Archive for August, 2003

OPEN RANGE – Michael Kamen

August 15, 2003 Leave a comment

openrangeOriginal Review by Jonathan Broxton

As I write this review, it is now just over a week since Michael Kamen, the composer of Open Range, tragically died of a heart attack, at the age of just  55. In such circumstances, it is tempting to give in to sentimentality, and the fondness for which I held the man himself, and to allow it to cloud my judgment in giving what turned out to be his final score an impartial review. Kamen had taken something of a “sabbatical” during the years following the turn of the millennium, writing just three scores: Frequency, X-Men, and the amazing Band of Brothers. Even on Open Range he was not the first choice composer, being brought in as a replacement at short notice after the original score had been rejected by director Kevin Costner. Ultimately, Kamen wrote a gentle ballad to the old west, an evocative statement that celebrates the nobility, honor and steadfastness of the great American cowboy, a score which would have been just as lovely to listen to had its composer still been with us. Read more…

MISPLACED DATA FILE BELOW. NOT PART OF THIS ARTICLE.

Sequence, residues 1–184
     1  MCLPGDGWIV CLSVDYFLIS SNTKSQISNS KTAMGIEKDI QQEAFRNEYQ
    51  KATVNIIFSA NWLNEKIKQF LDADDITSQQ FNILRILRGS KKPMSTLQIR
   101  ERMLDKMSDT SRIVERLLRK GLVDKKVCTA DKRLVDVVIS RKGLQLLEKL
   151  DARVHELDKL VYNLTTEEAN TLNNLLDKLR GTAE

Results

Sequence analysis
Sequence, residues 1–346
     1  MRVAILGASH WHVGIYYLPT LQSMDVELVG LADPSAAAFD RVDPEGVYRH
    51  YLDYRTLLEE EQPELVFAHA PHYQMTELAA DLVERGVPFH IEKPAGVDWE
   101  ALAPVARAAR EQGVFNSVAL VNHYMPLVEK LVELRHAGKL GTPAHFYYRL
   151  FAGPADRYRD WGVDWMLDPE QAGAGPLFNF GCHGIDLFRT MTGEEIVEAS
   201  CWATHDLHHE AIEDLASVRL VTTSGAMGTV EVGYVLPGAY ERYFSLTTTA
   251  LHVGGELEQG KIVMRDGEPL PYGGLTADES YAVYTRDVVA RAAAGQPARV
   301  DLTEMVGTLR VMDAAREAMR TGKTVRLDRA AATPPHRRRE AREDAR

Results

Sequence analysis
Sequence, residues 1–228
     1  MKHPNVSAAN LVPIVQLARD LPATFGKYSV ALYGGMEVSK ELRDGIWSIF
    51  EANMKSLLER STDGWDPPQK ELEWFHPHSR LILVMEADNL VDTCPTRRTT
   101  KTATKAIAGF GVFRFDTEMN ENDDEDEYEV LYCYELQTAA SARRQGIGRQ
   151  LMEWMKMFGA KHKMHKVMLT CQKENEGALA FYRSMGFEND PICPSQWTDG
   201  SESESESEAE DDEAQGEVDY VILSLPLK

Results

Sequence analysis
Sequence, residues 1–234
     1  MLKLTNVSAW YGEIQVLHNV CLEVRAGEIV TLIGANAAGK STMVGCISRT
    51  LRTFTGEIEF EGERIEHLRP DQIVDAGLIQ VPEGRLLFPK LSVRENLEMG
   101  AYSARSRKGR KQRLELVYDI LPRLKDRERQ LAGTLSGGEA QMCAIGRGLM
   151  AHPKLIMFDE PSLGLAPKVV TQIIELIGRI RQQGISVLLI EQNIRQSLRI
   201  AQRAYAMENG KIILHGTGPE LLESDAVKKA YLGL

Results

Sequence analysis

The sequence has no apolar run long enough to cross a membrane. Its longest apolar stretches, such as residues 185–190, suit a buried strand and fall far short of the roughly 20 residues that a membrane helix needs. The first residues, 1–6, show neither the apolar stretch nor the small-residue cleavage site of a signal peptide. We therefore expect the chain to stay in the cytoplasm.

S.W.A.T. – Elliot Goldenthal

August 8, 2003 Leave a comment

swatOriginal Review by Jonathan Broxton

When Elliot Goldenthal won the Best Original Score Academy Award last May, and joined the hallowed ranks of the Oscar winning composers, much interest was given to the film he would choose to score next. Goldenthal is a notoriously selective composer, rarely scoring more than two films per year, and who more often than not lends his talents to meaty dramas and weighty subjects. When S.W.A.T., an action packed cop thriller, was announced as being his next project, eyebrows were raised. But, after several quite “deep and meaningful” entries over the last couple of years, S.W.A.T. was exactly what the New Yorker needed: a chance to have fun. Read more…